Generations of black and Puerto Rican students have been consigned to failure by the public school system in NY. Charters are giving them a way out. The waiting list is 90,000 kids long.

Before, I never thought there was a panacea for failing school systems. Broken homes, poverty, the usual litany, had been drilled into me for so long I half believed it.

But there's no arguing with results.
Except the results are NOT what you think they are. Eva Moskowitz is a fraud.

The Secret to Eva Moskowitz

Quote:
 Moskowitz often says that she enrolls exactly the same types of children as the public schools, but this is not true. Success Academy has very few of the students with the most severe disabilities (in some of its schools, the number is zero). In Harlem’s public elementary schools, by contrast, the average proportion of such children is 14.1 percent. Also, Success Academy has half as many English-language learners as the neighboring public schools. Whether this is the result of a screening process at the outset or because these children have been “counseled out” is unclear; what is undeniable is that Success Academy has significantly fewer of the children with the highest needs.
They don't keep students so there test scores are actually not as good as they claim. Kids leave before 8th grade frequently and are not replaced by new students.

Quote:
Of the thirty-two eighth graders to finish at Success Academy, twenty-seven took the competitive exam to enter one of New York City’s prestigious specialized high schools. Despite their excellent scores on the state test, not one of these students gained admission to a specialized school like Stuyvesant or Bronx Science.
Quote:
 Teacher attrition at the Success Academy charter schools has also been unusually high.
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Old 09-01-2015, 01:18 PM
 
3,716 posts, read 1,666,317 times
Reputation: 5076
Pre-Katrina only 35 percent of NO students were meeting basic standards. Only 54 percent graduated high school. 37 percent enrolled in college. Now, the percentage of students meeting basic standards has gone from less than half to almost two-thirds. High-school graduation rates have increased by nearly 20 points, to 73 percent. And college enrollment, which rose 22 percentage points, now exceeds the level in the rest of the state.

There's no picking and choosing here. That's for the entire NO school system.

As far as making teachers happy, that shouldn't be the goal of education. Turnover is healthy. It's how you get rid of the dead wood. Stress is good. It keeps you on your toes. This is know by all professionals outside of public school systems.

Slight discrepancies in enrollment of special needs kids in NY between charter and public schools comes nowhere close to being able to explain the dramatic outperformance of charter school students on virtually every measure.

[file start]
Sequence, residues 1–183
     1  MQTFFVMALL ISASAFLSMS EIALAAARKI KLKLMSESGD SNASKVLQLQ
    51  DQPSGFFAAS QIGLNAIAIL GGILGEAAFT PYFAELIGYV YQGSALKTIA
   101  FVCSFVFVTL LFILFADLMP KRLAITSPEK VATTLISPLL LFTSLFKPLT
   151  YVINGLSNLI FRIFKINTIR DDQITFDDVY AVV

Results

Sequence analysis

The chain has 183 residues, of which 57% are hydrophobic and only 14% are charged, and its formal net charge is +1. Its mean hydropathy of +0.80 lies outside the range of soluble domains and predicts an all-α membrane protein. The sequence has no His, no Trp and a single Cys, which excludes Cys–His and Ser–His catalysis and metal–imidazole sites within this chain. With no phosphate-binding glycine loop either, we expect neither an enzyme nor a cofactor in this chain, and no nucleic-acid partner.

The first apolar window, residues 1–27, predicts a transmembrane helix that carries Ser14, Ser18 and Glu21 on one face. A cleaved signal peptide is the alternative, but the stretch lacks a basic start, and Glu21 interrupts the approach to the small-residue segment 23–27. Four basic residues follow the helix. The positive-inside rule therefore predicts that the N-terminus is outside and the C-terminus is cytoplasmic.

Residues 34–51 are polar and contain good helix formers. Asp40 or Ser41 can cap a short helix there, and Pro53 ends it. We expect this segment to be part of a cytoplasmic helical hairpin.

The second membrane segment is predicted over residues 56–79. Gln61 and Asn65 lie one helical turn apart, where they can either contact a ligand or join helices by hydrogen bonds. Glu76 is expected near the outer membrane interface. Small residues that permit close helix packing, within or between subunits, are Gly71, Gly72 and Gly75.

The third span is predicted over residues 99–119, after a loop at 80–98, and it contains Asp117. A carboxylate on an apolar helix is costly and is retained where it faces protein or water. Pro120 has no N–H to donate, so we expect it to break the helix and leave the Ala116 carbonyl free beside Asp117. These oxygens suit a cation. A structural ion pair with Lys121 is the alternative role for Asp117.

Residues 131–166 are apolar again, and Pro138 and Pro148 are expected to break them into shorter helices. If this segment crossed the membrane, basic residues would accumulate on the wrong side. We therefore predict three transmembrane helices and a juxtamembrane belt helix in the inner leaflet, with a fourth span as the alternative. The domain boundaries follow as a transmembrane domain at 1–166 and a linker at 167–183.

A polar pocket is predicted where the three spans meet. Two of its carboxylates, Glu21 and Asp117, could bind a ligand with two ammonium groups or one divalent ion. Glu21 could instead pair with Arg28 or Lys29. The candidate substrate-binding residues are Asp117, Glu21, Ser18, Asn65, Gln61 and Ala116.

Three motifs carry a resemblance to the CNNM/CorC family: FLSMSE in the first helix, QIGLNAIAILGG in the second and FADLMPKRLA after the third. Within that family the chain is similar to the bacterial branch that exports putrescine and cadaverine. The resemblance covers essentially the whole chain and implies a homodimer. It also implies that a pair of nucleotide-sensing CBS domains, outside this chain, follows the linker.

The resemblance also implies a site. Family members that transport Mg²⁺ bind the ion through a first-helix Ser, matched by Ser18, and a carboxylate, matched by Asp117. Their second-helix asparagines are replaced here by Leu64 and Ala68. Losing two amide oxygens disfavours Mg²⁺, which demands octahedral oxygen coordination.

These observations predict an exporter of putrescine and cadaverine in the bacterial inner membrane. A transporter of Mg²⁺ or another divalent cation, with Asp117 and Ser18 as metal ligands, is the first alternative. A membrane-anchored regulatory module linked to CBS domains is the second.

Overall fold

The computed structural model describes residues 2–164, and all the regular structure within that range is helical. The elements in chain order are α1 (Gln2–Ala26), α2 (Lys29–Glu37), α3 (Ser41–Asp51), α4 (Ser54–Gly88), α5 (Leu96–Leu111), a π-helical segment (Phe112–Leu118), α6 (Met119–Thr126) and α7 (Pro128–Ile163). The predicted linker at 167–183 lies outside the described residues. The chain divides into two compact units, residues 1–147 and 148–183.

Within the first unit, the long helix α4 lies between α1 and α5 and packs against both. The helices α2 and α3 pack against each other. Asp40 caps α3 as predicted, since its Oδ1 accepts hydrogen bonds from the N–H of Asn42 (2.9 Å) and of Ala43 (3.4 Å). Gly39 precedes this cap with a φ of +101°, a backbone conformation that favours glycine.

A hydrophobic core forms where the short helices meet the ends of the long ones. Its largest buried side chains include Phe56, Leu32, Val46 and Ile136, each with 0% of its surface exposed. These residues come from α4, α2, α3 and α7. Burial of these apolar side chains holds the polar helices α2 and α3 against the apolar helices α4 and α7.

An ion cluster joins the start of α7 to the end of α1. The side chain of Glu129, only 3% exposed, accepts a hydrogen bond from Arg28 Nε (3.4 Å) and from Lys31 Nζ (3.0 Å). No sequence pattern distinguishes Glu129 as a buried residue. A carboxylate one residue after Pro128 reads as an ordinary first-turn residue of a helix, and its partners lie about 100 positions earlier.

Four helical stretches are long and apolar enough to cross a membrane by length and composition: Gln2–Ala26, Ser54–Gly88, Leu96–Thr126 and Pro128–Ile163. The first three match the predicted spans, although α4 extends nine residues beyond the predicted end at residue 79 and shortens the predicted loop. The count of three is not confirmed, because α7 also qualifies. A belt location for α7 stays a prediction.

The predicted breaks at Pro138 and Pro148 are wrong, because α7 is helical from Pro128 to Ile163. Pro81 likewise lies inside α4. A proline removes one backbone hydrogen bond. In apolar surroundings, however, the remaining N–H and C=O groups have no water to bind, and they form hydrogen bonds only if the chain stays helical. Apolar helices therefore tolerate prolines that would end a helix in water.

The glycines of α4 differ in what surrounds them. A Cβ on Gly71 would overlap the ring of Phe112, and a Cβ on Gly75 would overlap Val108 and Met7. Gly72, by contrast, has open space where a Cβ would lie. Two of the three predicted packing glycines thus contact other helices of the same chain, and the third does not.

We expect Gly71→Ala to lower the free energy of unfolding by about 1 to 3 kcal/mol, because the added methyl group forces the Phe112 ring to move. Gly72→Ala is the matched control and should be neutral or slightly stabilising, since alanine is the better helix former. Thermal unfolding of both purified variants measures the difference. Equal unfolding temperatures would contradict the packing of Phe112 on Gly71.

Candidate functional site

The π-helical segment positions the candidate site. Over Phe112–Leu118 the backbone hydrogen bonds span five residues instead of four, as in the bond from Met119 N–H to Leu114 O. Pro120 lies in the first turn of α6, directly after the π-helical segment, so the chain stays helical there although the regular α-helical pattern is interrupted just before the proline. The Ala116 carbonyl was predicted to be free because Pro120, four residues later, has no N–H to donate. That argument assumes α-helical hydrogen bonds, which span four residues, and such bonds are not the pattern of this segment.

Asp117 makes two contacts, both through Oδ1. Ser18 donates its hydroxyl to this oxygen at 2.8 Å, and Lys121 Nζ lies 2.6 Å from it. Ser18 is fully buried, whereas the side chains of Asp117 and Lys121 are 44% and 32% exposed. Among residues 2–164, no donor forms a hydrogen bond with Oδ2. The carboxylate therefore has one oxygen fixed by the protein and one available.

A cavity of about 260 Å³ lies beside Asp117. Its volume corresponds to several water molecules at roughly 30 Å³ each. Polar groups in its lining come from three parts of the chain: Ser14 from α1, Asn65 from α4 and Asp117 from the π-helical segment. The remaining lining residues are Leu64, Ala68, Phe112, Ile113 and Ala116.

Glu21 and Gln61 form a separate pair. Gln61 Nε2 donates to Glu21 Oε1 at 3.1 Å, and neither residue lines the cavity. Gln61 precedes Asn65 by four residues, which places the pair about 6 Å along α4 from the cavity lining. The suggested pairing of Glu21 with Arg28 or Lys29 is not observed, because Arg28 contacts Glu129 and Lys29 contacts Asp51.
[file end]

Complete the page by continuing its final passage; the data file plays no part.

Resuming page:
The best HS's in NY are practically reserved for Asian and White kids. The reality is that Black and Latin kids rarely are admitted. And White and Asian kids overwhelming attend the best public grade schools. Public schools are not a problem for them. Blacks and Latins are relegated to the worst of the worst.

As far as taxes go: Students at colleges of all stripes, public, private, religious, military can receive tax-payer assistance. The list of grants and programs is endless. And students get to choose their college, given the bounds of selectivity and ability that exist. The result is the best, if most expensive, system of post-secondary education in the world.

Contrast with the our grade schools and high schools which are only average despite spending more money per pupil that any other country with the exception of a few notables like Liechtenstein.

These principles are no different if applied to primary and secondary education. Tax money should be spent where is can produce the best result for the student. No monopoly should have automatic or even preferential access to it. It not only wastes money. It wastes lives.
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Old 09-01-2015, 01:24 PM
 
174 posts, read 88,493 times
Reputation: 185
Quote:
Originally Posted by Troyfan View Post
Pre-Katrina only 35 percent of NO students were meeting basic standards. Only 54 percent graduated high school. 37 percent enrolled in college. Now, the percentage of students meeting basic standards has gone from less than half to almost two-thirds. High-school graduation rates have increased by nearly 20 points, to 73 percent. And college enrollment, which rose 22 percentage points, now exceeds the level in the rest of the state.

There's no picking and choosing here. That's for the entire NO school system.

As far as making teachers happy, that shouldn't be the goal of education. Turnover is healthy. It's how you get rid of the dead wood. Stress is good. It keeps you on your toes. This is know by all professionals outside of public school systems.

Slight discrepancies in enrollment of special needs kids in NY between charter and public schools comes nowhere close to being able to explain the dramatic outperformance of charter school students on virtually every measure.